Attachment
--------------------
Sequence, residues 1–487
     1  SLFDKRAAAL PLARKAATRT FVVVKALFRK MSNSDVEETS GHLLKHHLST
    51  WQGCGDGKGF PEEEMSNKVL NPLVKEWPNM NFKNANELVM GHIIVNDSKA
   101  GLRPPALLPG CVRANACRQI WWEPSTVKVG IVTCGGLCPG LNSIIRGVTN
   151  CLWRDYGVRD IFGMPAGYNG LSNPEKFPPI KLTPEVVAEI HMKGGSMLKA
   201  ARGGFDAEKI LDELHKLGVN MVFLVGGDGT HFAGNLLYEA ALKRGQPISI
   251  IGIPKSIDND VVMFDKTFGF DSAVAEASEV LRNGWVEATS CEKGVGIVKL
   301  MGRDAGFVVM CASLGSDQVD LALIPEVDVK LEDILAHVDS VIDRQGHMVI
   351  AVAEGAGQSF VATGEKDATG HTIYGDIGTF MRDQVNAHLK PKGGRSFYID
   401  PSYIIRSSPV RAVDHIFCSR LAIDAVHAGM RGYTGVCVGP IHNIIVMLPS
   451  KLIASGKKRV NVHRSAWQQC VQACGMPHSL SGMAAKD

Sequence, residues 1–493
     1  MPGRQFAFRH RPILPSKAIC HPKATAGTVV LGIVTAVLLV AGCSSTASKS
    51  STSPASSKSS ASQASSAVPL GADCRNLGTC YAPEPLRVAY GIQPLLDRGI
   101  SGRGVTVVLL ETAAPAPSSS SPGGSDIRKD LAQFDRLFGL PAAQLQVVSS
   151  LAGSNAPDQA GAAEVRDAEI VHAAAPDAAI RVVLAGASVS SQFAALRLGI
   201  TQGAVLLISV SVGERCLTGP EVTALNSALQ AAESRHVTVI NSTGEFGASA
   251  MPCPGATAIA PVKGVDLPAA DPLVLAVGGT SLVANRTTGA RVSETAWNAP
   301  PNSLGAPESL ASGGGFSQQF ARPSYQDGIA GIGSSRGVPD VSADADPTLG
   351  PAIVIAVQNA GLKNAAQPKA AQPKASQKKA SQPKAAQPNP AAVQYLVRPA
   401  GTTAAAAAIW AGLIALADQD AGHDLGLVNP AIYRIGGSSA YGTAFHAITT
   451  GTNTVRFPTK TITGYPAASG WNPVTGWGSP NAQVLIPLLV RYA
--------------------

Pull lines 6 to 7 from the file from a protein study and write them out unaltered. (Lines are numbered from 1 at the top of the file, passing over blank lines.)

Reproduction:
   201  ARGGFDAEKI LDELHKLGVN MVFLVGGDGT HFAGNLLYEA ALKRGQPISI
   251  IGIPKSIDND VVMFDKTFGF DSAVAEASEV LRNGWVEATS CEKGVGIVKL